Biker’s survival a miracle

Published: April 2, 2006 | 3902nd good news item since 2003

They knew something was wrong when Mike Tucker’s Harley-Davidson drifted into the path of an oncoming car. It missed him by inches.

“And I do mean inches,” said John Castro, a friend and president of the Sons of California Harley club’s Galt chapter. “We thought, ‘What in the hell is he doing?'”

Seconds later, Castro and many of the other riders began to understand. Tucker, a 54-year-old masonry contractor from Galt, was suffering a heart attack while doing 55 mph on his Harley.

So much for a leisurely ride home a week ago. Last weekend, members of five of the motorcycle club’s Northern California chapters had just met in Patterson, where they enjoyed a barbecue, determined which events they’d attend and which charities they will support this year.

The San Joaquin (Stockton) and Galt clubs rode together — two bikes abreast — north on Highway 33. They were about halfway between Patterson and Westley when Tucker suffered his attack. He nearly struck the car in the opposite lane, and veered away just in time, his bike heading toward the soft shoulder of the northbound lane.

“Then, all of a sudden, he let go of the handlebars and rolled off the back,” Castro said.

And that is when Tucker’s miracle began. In the next 30 minutes, he had to be revived at least four times.

Otherwise — granted, a near-death experience makes the “otherwise” seem minor by comparison — Tucker suffered only a concussion, some scrapes, bruises and a sore ankle.

“God guided you to the (road’s) shoulder,” Terrie Kohrt, Tucker’s longtime companion, told him. “There couldn’t be any other reason.”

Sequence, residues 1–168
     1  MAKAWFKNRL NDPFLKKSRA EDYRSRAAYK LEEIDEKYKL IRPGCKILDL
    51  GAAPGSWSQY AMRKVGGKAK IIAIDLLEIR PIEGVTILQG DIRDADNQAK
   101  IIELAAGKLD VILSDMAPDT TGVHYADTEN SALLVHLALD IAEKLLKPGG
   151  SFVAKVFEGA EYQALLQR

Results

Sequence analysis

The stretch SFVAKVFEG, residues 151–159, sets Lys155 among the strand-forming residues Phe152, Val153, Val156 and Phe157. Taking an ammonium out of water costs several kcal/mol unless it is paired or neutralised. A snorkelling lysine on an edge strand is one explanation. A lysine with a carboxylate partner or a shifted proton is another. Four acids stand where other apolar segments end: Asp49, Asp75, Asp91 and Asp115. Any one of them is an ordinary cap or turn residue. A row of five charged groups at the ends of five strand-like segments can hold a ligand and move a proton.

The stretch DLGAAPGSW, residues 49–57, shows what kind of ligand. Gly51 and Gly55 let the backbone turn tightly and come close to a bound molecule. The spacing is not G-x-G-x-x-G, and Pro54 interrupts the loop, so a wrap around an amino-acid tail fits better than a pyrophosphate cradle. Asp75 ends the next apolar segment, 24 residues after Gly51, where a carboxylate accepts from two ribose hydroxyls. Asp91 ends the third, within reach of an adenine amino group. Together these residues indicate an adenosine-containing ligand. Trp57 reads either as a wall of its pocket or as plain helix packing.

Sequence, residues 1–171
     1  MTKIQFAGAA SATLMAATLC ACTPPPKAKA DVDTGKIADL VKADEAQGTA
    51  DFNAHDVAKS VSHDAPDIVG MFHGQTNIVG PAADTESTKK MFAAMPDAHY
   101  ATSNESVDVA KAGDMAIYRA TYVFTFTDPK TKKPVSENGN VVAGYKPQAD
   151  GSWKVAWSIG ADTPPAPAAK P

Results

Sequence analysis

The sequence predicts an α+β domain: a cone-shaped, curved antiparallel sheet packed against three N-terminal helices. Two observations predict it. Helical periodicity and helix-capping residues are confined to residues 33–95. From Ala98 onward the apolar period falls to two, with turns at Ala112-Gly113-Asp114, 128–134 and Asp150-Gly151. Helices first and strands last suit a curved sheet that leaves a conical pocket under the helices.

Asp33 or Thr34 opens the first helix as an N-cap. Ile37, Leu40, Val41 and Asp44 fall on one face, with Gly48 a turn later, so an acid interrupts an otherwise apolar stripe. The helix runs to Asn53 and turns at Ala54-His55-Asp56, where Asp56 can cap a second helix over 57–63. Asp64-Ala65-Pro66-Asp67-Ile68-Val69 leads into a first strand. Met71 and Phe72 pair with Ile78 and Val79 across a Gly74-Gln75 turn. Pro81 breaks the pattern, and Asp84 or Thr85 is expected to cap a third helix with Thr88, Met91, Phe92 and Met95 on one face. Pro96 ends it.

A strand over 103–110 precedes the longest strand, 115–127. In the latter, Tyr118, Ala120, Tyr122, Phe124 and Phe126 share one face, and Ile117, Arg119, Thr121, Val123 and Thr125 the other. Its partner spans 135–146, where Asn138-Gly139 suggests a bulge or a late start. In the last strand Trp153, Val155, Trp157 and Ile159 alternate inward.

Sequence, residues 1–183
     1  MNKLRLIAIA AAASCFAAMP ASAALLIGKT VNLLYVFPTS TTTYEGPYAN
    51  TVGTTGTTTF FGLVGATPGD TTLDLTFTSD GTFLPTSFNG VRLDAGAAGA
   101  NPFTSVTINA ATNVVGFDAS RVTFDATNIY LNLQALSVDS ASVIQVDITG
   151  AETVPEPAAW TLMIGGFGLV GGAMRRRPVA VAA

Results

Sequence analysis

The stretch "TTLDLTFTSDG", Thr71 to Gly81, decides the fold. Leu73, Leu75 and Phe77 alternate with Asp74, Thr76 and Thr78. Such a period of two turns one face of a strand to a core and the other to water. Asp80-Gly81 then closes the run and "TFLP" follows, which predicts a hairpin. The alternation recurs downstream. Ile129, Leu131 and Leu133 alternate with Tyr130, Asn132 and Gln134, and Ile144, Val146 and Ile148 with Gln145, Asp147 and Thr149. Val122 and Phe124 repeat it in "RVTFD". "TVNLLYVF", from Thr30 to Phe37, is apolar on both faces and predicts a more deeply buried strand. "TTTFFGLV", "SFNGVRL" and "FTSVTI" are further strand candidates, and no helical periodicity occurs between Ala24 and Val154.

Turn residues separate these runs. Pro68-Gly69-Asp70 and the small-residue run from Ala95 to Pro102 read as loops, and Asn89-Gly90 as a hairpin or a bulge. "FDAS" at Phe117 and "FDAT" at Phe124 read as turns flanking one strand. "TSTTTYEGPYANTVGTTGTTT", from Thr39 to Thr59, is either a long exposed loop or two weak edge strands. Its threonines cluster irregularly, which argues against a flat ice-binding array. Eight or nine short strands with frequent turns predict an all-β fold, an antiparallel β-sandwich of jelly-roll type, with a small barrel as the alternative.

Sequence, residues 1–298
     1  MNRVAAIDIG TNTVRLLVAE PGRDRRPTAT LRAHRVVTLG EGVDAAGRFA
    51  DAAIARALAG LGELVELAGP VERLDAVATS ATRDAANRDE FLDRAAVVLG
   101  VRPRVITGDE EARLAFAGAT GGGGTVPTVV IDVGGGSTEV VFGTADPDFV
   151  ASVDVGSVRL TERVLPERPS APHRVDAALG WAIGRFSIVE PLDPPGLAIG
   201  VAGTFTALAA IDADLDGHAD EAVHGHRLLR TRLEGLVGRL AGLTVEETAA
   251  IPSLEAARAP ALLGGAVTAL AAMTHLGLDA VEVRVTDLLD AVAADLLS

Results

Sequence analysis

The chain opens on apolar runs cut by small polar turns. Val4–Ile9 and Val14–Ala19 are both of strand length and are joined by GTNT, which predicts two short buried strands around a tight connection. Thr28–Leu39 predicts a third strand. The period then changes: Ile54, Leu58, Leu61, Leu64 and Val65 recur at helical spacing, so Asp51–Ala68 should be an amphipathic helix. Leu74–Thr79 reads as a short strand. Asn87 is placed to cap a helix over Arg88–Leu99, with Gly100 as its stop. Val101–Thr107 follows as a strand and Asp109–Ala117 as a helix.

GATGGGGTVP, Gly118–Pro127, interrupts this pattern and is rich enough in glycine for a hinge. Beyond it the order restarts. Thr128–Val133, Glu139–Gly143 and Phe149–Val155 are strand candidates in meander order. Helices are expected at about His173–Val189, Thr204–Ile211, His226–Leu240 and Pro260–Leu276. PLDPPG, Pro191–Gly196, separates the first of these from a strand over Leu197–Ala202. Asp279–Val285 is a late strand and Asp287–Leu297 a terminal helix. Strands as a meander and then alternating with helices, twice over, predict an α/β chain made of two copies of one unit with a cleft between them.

Tucker pointed to other factors:

That day, and for no apparent reason, he decided to wear his best full-face helmet “instead of one of the cheesy knockoff helmets I usually wear.”

Otherwise, he might have suffered massive head injuries to match his massive heart attack.

Tucker swerved just in time to miss the oncoming car, but also missed hitting the bike ridden by his riding partner, Tom Morales.

“If he’d have hit Tom, that could have set off a chain reaction, and you could have been looking at 15 bikes going down,” Castro said. “Or, if he hit that car and it went into our lane, you would have needed more than one Life Flight copter. There were lots of factors.”

At 55 mph, the fall alone could cause death or severe injury. But companion Kohrt believes the heart attack left Tucker unconscious and limp. It allowed him to roll with the impact rather than tensing up to brace for the fall, which is how broken bones can occur in such tumbles.

“That’s what they said,” said Tucker, who remembers nothing from the time he climbed aboard his 2004 Harley Deuce on March26 for the ride home until he woke up in Modesto’s Doctors Medical Center on Tuesday morning.

He’d felt lousy that Sunday morning and thought he had a touch of the stomach flu — nothing serious enough to keep him from making the trip. And with no history of heart problems, it never occurred to him what really was happening.